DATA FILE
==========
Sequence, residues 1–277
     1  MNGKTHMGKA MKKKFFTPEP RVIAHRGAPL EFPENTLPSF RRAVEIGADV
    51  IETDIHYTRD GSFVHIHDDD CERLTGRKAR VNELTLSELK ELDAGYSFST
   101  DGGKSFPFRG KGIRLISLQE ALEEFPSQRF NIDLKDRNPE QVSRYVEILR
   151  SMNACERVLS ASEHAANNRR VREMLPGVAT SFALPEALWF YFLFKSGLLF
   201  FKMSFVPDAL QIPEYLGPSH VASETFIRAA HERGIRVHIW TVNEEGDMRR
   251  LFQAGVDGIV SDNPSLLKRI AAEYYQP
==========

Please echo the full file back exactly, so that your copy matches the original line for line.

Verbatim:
Sequence, residues 1–277
     1  MNGKTHMGKA MKKKFFTPEP RVIAHRGAPL EFPENTLPSF RRAVEIGADV
    51  IETDIHYTRD GSFVHIHDDD CERLTGRKAR VNELTLSELK ELDAGYSFST
   101  DGGKSFPFRG KGIRLISLQE ALEEFPSQRF NIDLKDRNPE QVSRYVEILR
   151  SMNACERVLS ASEHAANNRR VREMLPGVAT SFALPEALWF YFLFKSGLLF
   201  FKMSFVPDAL QIPEYLGPSH VASETFIRAA HERGIRVHIW TVNEEGDMRR
   251  LFQAGVDGIV SDNPSLLKRI AAEYYQP